He said that to check activities like terrorism, smuggling, piracy, and human trafficking, Sri Lanka is monitoring its area while India is monitoring its own side.
Earlier, the Colombo Post quoted Vice Admiral Karannagoda as saying that “every year, the Indian Coast Guard and the Sri Lankan Navy hold four bilateral discussions. We are conducting coordinated patrols with the Indian navy as well.”
He claimed that the Sri Lankan Navy had destroyed over 10,000 tonnes of material belonging to the LTTE, which could be used for war.
Vice Admiral Karannagoda said the Sri Lankan Navy had destroyed almost all the vessels of the LTTE, which could have helped it sustain the conflict.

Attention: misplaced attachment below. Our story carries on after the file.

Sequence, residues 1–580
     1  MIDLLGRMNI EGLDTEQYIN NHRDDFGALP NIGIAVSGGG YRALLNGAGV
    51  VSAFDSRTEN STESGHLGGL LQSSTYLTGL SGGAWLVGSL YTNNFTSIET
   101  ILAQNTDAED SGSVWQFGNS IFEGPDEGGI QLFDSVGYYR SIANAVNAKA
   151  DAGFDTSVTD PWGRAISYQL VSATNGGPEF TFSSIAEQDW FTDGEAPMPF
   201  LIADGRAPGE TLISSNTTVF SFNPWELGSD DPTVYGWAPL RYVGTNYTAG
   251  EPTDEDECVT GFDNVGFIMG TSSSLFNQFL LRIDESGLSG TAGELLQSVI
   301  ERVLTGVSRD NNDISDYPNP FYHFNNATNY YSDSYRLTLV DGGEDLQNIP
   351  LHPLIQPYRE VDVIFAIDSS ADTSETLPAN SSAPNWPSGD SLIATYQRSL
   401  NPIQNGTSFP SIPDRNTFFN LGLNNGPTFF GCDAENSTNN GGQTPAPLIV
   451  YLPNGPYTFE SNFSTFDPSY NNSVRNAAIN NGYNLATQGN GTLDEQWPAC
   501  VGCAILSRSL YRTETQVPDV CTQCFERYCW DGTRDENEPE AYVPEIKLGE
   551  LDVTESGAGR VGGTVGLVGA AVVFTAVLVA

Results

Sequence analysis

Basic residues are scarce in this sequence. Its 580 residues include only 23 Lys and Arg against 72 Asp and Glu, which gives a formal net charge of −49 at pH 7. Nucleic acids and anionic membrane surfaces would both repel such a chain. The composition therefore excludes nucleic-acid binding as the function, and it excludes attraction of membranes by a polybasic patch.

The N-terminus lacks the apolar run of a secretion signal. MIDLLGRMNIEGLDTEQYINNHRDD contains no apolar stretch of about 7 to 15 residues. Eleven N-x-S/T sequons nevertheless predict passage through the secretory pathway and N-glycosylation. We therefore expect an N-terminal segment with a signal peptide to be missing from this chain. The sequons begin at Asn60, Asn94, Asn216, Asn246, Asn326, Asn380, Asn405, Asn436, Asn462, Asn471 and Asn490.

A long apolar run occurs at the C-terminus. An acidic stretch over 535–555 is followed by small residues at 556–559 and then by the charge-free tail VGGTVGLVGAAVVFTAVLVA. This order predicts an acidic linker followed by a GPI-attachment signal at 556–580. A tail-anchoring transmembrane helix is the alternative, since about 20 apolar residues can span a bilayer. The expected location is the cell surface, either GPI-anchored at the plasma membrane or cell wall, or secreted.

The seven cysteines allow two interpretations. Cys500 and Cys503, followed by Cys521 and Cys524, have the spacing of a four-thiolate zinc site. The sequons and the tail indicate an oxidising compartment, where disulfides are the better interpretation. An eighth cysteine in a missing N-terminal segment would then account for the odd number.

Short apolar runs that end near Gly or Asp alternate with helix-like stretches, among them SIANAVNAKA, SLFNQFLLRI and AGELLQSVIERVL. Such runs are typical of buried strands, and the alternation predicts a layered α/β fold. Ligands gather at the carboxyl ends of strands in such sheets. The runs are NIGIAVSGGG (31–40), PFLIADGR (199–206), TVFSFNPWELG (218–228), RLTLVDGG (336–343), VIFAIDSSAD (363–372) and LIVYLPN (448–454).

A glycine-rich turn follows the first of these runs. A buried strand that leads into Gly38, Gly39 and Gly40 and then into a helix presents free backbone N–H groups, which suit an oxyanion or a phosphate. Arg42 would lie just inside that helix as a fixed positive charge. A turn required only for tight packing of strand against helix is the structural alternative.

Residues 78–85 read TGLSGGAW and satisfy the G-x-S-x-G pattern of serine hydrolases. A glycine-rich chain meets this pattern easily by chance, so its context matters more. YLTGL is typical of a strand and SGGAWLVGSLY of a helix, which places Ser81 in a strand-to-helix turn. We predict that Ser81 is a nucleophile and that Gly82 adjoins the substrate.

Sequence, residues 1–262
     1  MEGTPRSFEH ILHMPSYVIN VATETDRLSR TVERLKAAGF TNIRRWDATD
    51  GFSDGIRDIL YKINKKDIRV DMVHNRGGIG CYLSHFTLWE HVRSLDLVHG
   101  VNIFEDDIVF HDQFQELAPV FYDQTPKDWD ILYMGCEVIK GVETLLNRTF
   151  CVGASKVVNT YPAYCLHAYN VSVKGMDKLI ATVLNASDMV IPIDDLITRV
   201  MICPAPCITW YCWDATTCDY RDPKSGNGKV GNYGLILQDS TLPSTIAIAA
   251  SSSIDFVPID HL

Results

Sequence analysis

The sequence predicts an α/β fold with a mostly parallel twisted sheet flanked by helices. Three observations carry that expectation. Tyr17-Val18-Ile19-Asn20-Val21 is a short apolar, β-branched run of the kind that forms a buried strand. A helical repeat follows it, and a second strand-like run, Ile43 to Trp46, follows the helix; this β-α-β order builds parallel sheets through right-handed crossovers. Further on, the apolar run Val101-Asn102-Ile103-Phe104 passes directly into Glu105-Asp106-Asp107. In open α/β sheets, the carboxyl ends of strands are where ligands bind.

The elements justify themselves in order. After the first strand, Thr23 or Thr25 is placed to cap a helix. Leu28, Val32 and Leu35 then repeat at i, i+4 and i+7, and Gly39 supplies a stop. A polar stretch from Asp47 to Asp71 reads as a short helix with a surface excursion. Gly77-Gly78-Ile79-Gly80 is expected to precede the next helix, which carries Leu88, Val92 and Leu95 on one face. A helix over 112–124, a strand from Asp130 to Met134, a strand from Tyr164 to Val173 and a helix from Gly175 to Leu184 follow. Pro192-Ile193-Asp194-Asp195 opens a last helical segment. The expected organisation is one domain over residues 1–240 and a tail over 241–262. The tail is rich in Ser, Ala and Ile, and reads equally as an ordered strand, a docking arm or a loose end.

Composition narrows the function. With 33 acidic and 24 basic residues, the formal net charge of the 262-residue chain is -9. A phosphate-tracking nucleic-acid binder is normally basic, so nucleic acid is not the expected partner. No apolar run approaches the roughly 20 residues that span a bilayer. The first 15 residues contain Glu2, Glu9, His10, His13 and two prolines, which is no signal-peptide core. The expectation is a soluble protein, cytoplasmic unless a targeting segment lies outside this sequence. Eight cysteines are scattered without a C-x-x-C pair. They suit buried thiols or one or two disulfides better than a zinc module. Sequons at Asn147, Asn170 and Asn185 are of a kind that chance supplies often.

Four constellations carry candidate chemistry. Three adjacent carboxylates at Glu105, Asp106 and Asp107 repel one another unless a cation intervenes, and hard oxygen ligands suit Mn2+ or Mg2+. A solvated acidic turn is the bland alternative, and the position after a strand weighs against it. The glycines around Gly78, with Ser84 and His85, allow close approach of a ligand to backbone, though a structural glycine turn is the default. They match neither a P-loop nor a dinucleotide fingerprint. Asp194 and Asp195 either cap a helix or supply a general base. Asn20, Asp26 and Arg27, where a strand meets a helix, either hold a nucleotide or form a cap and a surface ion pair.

The Post quoted Sri Lanka Defence Spokesman Keheliya Rambukkwella as saying that the Lankan Navy chief during his visit will raise the issue of the recent clashes involving Indian fishing boats and Sri Lankan ships.
It was reported that “on February 5 a flotilla of 400 Indian fishing boats in the Sri Lankan territorial waters fired on a Sri Lankan Navy vessel in the seas off Thalaimannar.”
“Navy Chief Karannagoda would raise the issue, among other things, with Indian officials,” Rambukkwella said.
B. Muralidhar Reddy
COLOMBO: Union Minister of State for Commerce Jairam Ramesh called on Sri Lankan President Mahinda Rajapaksa here on Thursday and reiterated India’s commitment to provide economic foundation to the 13th Amendment to the island nation’s Constitution for devolution of powers.